January 15, 2013


Diane M. Fremgen

Clerk of Court of Appeals







This opinion is subject to further editing.  If published, the official version will appear in the bound volume of the Official Reports. 


A party may file with the Supreme Court a petition to review an adverse decision by the Court of Appeals.  See Wis. Stat. § 808.10 and Rule 809.62. 





Appeal No. 


Cir. Ct. No.  2010CM6353









State of Wisconsin,






Kenney Wayne Madlock,







            APPEAL from a judgment of the circuit court for Milwaukee County:  MARY M. Kuhnmuench, Judge.  Affirmed. 

1        FINE, J.   Kenney Wayne Madlock appeals the judgment entered after a bench trial convicting him of knowingly violating a domestic-abuse injunction.  See Wis. Stat. § 813.12(4) & (8).  The injunction was sought by T.M., and was entered on May 18, 2010, when T.M. and Madlock were still married.  They were divorced about one week before the mid-June, 2011, bench trial.

2        As material, the injunction directed Madlock to “avoid the petitioner’s [T.M.’s] residence,” and was to “be effective until 5/18/14.” (Uppercasing, bolding, and underlining omitted.).  He claims that the evidence was insufficient to support the trial court’s finding of guilt.  We affirm.


3        T.M. testified at the bench trial that on October 23, 2010, she was with Madlock’s sister, with whom she was friends, sitting in the sister’s car.  The car was parked in front of T.M.’s house.  At the time, she and Madlock were “in the process of getting divorced.”  T.M. told the trial court that she and the sister “were sitting in the car talking and I was going back in my home.”  After approximately ten minutes, she “was stepping out of her car when” she saw Madlock drive around the corner onto 16th Street, which ran in front of her house.  She testified that Madlock was driving a “Ford Econoline truck” that he used although it was registered in her name.  According to T.M., Madlock “actually went past the [sister’s] car and stopped about a car length or so in front of his sister’s car.”  “The truck stopped and he reversed it.  Then he came to block his sister’s parked car.”  She further explained on cross-examination:  “He went past the car, her car.  He stopped.  He then put it in reverse and backed up.  He blocked her car.”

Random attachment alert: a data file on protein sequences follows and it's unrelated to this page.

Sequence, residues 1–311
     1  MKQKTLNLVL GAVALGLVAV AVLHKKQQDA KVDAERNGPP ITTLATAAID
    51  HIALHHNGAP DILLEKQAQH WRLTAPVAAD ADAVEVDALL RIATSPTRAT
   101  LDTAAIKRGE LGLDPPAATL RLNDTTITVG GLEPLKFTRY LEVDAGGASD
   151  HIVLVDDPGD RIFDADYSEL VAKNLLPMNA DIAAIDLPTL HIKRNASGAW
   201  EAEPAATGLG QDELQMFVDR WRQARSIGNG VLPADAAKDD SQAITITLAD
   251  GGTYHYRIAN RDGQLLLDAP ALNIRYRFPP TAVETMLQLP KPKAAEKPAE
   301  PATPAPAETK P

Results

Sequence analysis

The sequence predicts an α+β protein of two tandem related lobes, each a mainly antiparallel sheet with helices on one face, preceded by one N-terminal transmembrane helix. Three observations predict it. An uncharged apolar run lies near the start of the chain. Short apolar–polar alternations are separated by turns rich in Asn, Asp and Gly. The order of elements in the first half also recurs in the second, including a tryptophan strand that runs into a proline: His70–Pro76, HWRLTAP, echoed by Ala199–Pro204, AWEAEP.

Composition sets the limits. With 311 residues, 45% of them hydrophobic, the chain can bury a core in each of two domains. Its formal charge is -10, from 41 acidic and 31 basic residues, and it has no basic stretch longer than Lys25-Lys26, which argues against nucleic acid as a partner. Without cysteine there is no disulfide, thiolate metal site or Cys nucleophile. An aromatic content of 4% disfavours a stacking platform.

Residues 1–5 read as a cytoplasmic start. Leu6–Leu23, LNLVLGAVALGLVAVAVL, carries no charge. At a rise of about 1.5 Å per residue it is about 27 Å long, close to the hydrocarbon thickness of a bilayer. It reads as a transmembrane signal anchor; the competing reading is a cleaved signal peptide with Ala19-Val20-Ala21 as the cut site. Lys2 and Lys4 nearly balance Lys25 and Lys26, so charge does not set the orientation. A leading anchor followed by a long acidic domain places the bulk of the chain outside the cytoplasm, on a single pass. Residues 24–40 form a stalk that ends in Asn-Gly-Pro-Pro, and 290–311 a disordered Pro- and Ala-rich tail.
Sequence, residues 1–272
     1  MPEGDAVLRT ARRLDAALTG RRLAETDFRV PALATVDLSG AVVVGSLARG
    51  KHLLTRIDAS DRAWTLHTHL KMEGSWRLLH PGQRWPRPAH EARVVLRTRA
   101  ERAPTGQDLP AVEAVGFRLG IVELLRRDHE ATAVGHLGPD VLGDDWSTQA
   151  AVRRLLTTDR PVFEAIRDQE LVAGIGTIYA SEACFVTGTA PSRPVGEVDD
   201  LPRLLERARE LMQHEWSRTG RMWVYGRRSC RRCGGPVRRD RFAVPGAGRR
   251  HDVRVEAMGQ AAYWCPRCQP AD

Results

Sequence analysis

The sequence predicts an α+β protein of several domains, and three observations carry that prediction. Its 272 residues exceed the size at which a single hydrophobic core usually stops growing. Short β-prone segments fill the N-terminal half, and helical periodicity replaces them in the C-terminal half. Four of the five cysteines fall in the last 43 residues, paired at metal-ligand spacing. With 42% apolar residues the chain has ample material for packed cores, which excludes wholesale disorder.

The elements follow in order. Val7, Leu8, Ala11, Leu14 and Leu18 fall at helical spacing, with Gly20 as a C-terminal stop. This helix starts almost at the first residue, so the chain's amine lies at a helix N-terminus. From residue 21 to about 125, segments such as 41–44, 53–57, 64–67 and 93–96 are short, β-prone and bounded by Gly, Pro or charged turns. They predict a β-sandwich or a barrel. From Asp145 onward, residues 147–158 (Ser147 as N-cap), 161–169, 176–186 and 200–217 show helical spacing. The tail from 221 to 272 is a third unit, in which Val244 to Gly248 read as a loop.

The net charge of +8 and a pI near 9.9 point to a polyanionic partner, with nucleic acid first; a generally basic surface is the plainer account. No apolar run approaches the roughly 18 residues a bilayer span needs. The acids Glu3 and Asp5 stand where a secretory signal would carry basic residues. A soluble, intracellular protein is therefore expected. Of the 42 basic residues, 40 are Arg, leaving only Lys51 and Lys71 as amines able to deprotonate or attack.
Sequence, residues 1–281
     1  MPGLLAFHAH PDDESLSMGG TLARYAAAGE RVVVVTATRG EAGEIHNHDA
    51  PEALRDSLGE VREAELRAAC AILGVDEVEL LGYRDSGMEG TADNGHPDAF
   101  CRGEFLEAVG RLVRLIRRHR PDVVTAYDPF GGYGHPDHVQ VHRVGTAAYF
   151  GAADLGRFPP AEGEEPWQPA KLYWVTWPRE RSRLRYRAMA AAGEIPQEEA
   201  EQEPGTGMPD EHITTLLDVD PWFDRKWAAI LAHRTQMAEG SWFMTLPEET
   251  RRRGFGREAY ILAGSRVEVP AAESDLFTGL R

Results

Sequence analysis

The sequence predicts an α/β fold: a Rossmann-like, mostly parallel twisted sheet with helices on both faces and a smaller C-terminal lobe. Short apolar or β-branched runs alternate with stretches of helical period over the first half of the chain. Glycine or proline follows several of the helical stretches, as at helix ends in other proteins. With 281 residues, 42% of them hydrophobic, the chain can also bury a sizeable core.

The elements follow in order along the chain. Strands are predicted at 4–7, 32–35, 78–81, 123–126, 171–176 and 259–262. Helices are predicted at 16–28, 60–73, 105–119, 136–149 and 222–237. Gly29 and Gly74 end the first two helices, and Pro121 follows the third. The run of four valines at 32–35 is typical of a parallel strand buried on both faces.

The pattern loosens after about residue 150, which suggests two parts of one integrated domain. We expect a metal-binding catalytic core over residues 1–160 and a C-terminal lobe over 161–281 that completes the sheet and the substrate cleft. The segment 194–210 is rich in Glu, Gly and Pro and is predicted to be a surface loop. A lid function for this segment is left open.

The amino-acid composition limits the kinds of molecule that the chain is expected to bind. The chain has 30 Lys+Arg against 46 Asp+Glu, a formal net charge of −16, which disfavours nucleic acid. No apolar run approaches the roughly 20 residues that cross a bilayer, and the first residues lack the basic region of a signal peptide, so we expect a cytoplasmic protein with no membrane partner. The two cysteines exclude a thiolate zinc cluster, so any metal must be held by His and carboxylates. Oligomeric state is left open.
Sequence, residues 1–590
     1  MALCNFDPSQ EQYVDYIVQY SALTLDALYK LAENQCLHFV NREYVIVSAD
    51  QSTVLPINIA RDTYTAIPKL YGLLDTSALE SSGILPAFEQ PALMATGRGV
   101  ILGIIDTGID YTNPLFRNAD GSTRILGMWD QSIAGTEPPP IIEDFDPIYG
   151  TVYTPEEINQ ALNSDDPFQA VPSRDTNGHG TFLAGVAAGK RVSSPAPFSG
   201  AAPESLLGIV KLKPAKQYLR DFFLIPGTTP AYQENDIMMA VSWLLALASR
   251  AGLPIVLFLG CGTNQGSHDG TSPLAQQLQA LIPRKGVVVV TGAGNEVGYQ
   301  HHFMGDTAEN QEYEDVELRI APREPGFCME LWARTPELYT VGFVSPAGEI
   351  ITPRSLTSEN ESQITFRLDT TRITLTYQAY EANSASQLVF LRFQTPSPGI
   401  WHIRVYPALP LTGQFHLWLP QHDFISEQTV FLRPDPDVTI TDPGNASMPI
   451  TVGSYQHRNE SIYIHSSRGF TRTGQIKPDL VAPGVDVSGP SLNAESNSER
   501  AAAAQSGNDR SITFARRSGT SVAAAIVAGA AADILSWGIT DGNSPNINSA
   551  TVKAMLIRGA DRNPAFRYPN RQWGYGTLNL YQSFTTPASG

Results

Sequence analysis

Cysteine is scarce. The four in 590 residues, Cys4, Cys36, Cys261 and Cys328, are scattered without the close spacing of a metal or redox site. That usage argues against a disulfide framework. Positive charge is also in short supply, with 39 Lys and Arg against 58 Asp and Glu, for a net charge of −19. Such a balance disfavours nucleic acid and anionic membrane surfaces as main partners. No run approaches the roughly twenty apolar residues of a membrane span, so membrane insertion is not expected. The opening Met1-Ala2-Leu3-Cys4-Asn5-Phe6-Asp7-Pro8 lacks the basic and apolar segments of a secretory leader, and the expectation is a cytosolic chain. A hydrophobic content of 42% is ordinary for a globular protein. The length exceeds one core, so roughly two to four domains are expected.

4        T.M. told the trial court that approximately “three or four minutes” had elapsed from the time she saw Madlock turn onto her street until he backed up to block his sister’s car.  

Q         And during this time is there any eye contact being made?

A         Yes.

Q         And how far away are you from it?

A         About 15 feet.

Q         Fifteen feet?  Is he in the car or out of the car?

A         He was in the truck.

Q         And are you in your [sic] car or out of the car?

A         I was out of the car.  

She went into her house and called the police.  Madlock was gone by the time the police arrived some fifteen minutes later.  T.M. told the trial court that the incident made her “[v]ery upset and nervous.  I just couldn’t sleep.”

5        Madlock testified at the trial.  Although he admitted driving on the street that ran past T.M.’s house, and also admitted that he saw T.M. standing near his sister’s car when he turned onto the street, he denied stopping, making eye contact with her, or trying to harass her.  He testified that he was merely trying to show a friend where he used to live.  

6        Madlock told the trial court that he recognized that the injunction directed that he “avoid” T.M.’s house.  Significantly, during re-direct examination by his trial lawyer, Madlock admitted that he would have violated the harassment injunction if he had stopped, as T.M. testified he did: